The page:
On Thursday, Wayne State University and President M. Roy Wilson joined President Obama, the First Lady, and Vice President Biden along with hundreds of college presidents and other higher education leaders to announce new actions to help more students prepare for and graduate from college.
The White House College Opportunity Day of Action helps to support the President’s commitment to partner with colleges and universities, business leaders, and nonprofits to support students across the country to help our nation reach its goal of leading the world in college attainment.
Wayne State — one of the nation’s premier public, urban research universities — supports the president’s commitment in three key areas.
First, the university, through its College of Education, has developed a new initiative to support high school counselors. Working closely with K-12 educational experts and college access groups, Wayne State is one of the first universities in the country to develop and offer a formal curriculum in the area of postsecondary planning and college counseling. Wayne State expects the course to have a positive impact on the college readiness and college attainment of more than 650,000 students over the next decade by teaching future counselors how to implement the eight components of College and Career Readiness (CCR) defined by the National Office of School Counseling Advocacy.
Second, Wayne State has also joined with a consortium of community colleges and universities in metro Detroit to help meet the President’s goal of developing more college graduates in the fields of science, technology, engineering and mathematics (STEM). Wayne State, along with Marygrove College, University of Detroit Mercy and Wayne County Community College, are leading the National Institutes of Health’s REBUILD Detroit initiative — an acronym for Research Enhancement for Building Infrastructure Leading to Diversity. The initiative aims to encourage more undergraduate students from underrepresented and economically disadvantaged backgrounds to pursue careers in biomedical research. REBUILD Detroit will accomplish this by drawing more minority and economically disadvantaged students into the STEM pipeline, exposing students to research in laboratories and enhancing the research-training environment. As Michigan’s only public, urban research university, Wayne State will serve as the research partner in the consortium of schools. It will mentor faculty from other institutions in research skills; provide research-training opportunities; and provide REBUILD scholars skills development in grant applications, graduate school preparedness, and networking opportunities.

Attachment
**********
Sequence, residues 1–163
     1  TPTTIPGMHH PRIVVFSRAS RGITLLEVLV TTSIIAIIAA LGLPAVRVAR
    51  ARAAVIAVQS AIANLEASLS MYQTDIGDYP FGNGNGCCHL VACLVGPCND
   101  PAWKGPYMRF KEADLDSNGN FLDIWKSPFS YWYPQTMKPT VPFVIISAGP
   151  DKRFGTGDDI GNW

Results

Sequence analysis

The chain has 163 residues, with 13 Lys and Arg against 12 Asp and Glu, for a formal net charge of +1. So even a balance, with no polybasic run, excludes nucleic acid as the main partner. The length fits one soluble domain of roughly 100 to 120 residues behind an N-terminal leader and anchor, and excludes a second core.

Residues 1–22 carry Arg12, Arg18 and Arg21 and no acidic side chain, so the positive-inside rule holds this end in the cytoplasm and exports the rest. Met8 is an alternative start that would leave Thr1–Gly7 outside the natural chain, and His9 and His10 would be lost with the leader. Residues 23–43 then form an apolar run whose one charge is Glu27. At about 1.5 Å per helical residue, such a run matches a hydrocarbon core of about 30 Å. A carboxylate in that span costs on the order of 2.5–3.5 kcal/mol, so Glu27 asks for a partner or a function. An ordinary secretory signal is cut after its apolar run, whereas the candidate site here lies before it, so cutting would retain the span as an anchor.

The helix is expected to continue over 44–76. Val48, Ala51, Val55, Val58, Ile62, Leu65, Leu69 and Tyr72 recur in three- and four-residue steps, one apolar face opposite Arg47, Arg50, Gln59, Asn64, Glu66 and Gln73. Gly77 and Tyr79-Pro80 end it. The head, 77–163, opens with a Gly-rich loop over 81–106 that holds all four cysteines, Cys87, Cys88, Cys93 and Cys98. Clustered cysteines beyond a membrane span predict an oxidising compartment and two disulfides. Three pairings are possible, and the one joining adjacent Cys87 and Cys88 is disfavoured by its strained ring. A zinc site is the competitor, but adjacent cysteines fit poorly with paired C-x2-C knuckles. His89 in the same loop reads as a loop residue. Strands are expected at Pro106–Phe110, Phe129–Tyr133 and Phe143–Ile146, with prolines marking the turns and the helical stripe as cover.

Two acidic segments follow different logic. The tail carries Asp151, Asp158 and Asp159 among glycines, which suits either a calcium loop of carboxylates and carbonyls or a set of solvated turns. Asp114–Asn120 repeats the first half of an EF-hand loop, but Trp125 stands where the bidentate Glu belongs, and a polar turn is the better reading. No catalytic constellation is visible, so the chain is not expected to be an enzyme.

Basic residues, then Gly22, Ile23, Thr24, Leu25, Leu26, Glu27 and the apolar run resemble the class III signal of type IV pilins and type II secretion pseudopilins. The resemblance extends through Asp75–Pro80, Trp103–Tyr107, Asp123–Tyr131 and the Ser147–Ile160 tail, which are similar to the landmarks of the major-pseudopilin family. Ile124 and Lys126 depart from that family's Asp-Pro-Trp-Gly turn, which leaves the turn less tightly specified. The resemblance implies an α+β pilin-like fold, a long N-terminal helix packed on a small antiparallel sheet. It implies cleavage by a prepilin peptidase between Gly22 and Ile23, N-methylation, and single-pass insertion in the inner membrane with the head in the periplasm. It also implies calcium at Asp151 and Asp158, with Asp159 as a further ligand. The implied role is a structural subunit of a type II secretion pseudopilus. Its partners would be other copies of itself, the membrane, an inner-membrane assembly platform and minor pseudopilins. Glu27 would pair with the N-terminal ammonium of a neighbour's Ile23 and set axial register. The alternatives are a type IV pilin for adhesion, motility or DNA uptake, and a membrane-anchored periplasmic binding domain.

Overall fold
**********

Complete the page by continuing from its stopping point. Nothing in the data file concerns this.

Third, with an ambitious goal of doubling the number of transfer students by the year 2020 and producing 2,500 additional degrees by the year 2025, Wayne State expects to be a major contributor to the nation’s effort to expand and build networks of colleges that will promote completion. The university will leverage its current student success initiatives and build on its recently created Transfer Student Success Center (TSSC) to accomplish these goals. The TSSC will serve as a hub to assist transfer students in navigating Wayne State and as an advocacy unit on behalf of transfer students.